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Sneezing to Blame for Car Accidents?
Most of us have. Drivers young and old are guilty. Chances are we’ve all sneezed while driving at some point. When driving, crossing intersections, changing lanes, and minding our business while we drive, the tingling can be felt at any time. After the tingle comes the panic, just when you realize that a single sneeze could cause an accident.
Most drivers survive a sneeze by driving unscathed from an accident. But some have accidents caused by this uncontrollable and unpredictable reflex. The dangers of sneezing while driving can be frightening.
Statistics on sneezing while driving
Little research has been done on the subject of sneezing while driving in the United States. But British researchers paid attention and noted some remarkable statistics.
According to a study by English cold and flu doctor Olbas Max Strength, more than two million car accidents were caused by sneezing.
UK car repair firm Halfords Autocentres reported that 2.6 million UK drivers admitted to taking their eyes off the road due to cold or flu symptoms. Halfords also blamed 2,500 accidents each week during British winters on these unnamed cold and flu conditions. Of course, sneezing is the most likely culprit to blame in these flu-generated wrecks.
In the United States, the National Safety Council (NSC) is clear that distracted driving is very deadly. This organization reports that 1.6 million car accidents are caused by distracted driving each year, specifically blaming the driver’s use of a mobile phone or texting while driving. But the NSC did not provide statistics regarding sneezing and driving.
The Centers for Disease Control and Prevention considers distracted driving to be any form of vehicle operation that could be categorized into one or more of these three types:
Visual – eyes are removed from the road while driving
Manual – hands are removed from the steering wheel while the vehicle is moving
Cognitive – the driver’s mind is not focused on vehicle operation and safety while driving
It is clear that sneezing while driving can belong to these three categories at the same time. Beyond distraction, a particularly hard sneeze can add a violent head bang to the reflex. Drivers are known to bang their heads against the steering wheel and other internal car surfaces.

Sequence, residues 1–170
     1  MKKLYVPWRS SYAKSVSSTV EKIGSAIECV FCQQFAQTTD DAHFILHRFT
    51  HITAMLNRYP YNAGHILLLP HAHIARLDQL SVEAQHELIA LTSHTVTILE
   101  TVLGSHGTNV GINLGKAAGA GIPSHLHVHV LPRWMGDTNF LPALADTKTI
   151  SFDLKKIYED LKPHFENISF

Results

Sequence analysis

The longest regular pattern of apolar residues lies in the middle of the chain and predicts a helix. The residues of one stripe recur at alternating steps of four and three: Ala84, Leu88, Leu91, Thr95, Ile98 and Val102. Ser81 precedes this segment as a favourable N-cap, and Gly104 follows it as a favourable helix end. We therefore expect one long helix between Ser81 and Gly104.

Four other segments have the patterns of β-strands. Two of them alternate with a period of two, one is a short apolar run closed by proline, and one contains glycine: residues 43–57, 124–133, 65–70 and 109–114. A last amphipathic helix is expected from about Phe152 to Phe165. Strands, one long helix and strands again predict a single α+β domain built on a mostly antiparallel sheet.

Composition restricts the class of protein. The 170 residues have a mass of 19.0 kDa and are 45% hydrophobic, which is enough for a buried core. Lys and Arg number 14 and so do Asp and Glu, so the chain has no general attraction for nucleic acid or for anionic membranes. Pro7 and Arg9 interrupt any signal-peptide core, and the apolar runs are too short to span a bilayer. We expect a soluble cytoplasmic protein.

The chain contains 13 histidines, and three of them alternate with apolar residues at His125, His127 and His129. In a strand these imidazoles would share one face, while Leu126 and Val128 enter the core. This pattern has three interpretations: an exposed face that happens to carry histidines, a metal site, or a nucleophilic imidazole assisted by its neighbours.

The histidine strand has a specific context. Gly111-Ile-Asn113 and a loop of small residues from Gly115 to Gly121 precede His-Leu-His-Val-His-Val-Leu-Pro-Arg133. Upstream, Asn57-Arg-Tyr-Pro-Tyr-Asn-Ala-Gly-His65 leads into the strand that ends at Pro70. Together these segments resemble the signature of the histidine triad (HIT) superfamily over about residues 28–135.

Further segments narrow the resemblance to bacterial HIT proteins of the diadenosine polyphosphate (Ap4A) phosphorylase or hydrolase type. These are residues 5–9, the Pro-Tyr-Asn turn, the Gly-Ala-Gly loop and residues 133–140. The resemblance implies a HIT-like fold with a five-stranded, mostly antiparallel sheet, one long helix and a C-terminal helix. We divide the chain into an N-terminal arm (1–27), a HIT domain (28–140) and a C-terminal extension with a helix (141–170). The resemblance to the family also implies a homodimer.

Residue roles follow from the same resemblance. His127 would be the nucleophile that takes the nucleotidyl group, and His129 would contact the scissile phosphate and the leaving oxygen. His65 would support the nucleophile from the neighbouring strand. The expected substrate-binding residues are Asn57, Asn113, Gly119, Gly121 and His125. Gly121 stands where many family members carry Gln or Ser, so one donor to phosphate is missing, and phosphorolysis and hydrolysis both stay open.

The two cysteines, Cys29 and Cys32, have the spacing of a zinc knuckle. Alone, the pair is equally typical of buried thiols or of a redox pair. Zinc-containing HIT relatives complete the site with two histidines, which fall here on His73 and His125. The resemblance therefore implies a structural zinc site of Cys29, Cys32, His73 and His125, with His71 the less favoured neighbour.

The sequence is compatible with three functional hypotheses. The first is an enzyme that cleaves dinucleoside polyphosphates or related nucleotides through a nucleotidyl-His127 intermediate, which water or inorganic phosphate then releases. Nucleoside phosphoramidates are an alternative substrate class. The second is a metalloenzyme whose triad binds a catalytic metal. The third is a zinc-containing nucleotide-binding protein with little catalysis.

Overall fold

According to Halfords, drivers who sneeze while driving at 60 miles per hour can travel 50 feet or more with their eyes completely closed. Sneezing can cause temporary disorientation and watery eyes afterwards, adding to the distance potentially traveled without visual control.
US road accidents caused by sneezing while driving
While the statistical data is light for this category of distracted driving in the United States, the results for sneezing while driving are clear. Numerous car accidents have been reported by police across the country.
In Missouri in 2012, the death of a single mother was blamed on a schoolteacher who lost control of her car due to a sneeze.
In New Hartford, New York, a driver ran off the freeway because of a sneeze.
A Massachusetts woman likely scared herself when she ran over a state police cruiser because of a sneeze.
In San Leandro, California, a sneezing trucker collided with 10 other cars.
A driver died after a sneezing accident in Salisbury, Maryland in 2011.
Experts look into the dangers of sneezing while driving
British police chief Steve Rounds said of sneezing while driving: “Sneezing can cause the victim to temporarily close their eyes.” He continued: “Driving a car with severe cold symptoms is certainly irresponsible and an accident resulting in death or serious injury may expose the sneezing driver to dangerous driving charges.”
Phoenix car accident attorney Cantor Crane advises drivers to try and pull over when sneezing. Your vehicle can be considered a lethal weapon while in motion. It is therefore very important to concentrate on the roadway when driving. It means focusing your eyes and mind on the road, hands on the wheel. Given that studies indicate that seven percent of drivers who sneeze are involved in crashes due to their cold-related reflex, Crane stresses the importance of viewing a sneeze as just as dangerous as other forms of distracted driving. “Your actions can cause injury and even death, so it’s very important to be responsible the next time you sneeze while driving your vehicle.”
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